Scheuer contends that the Cold War casts a long shadow on U.S. military and political attitudes. One example is our tendency to try to find proxies to fight our wars for us. The failure of our Iraq policy may be attributed to the simple fact that Iraqis were not willing to kill other Iraqis (at least, Iraqis of the same confession) to forward our purposes. Similarly, I doubt that any Pakistani government will be able to sustain itself by cooperating in our mission to kill hundreds or thousands of Pakistani people. People helped us fight the Soviet Union because they believed that the Russians were evil, and there was plenty of evidence for that view. Scheuer doubts that we can persuade Muslims to believe that their fellow Muslims are evil.

This is partly due to a problem we have in much of the world. We don’t learn the local languages, we know nothing of the local cultures, we expect everybody to act just the way they do back home in Ashtabula. Do you think that the Iraqis are unaware of the contempt in which they are held by U.S. soldiers who speak no Arabic, and that they do not return that contempt in spades.

Finally, and perhaps most importantly, Scheuer recommends that we attend to American interests first and stop arming both sides in a religious war. Who is responsible for the Arab-Israeli conflict lasting for 60 years? We are. And neither Israel’s interests nor those of the Saudis are identical to those of the United States.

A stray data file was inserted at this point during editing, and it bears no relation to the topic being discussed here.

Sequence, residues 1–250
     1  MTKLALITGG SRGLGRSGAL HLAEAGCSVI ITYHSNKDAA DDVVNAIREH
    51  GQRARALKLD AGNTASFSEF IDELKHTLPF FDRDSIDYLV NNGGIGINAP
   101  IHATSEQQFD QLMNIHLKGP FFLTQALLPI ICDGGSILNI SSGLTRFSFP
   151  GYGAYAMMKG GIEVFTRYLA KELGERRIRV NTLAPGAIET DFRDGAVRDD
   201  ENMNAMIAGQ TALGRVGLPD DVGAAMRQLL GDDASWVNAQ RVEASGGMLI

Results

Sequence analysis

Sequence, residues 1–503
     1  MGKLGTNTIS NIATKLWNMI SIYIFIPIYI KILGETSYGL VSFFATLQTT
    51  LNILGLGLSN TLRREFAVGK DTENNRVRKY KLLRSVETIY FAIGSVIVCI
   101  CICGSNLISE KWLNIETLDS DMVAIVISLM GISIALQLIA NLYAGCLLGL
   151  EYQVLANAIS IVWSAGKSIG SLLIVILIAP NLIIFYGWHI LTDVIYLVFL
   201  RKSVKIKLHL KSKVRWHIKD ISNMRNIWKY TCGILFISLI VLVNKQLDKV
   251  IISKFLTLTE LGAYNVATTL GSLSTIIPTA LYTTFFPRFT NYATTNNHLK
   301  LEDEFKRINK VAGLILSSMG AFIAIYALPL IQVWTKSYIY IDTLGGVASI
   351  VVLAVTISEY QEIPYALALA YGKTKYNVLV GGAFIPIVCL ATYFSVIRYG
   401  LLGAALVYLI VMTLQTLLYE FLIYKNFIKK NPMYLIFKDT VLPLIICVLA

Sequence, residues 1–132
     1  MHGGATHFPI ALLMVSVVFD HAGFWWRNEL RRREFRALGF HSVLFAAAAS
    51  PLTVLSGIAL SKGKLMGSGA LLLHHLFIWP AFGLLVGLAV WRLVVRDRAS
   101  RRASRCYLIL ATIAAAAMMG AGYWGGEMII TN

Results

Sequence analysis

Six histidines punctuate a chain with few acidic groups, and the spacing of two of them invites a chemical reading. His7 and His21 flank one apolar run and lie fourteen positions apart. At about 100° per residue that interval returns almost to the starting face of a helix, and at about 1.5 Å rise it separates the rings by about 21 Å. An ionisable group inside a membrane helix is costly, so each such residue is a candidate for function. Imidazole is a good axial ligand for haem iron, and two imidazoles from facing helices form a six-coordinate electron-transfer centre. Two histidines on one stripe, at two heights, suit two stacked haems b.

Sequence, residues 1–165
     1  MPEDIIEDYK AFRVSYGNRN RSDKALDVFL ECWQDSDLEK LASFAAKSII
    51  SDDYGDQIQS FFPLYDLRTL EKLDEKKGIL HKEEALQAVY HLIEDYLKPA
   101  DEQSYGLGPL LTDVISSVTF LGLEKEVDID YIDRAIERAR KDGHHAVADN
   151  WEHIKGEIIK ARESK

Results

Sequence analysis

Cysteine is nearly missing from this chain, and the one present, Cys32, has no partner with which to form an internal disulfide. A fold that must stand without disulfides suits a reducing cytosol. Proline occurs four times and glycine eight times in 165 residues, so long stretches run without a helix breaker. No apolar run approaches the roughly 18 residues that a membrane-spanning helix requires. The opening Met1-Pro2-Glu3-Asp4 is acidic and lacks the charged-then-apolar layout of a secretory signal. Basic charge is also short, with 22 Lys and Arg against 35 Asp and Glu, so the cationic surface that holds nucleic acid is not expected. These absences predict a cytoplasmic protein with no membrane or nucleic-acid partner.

No matter how you look at it, Michael Scheuer has written a contentious book. The prose isn’t always elegant, but his sincerity shines through. Sincerity is, of course, no guarantee that Mr. Scheuer is right. This book will anger some people, perhaps especially supporters of Israel. But it raises questions that are worth raising and discussing.

Monday, May 4, 2009

God and Gold - A Review

Mead, Walter Russell. God and Gold: Britain, America, and the Making of the Modern World. New York: Alfred A. Knopf, 2007. 449 pages. Acknowledgments. Notes. Index. $27.95.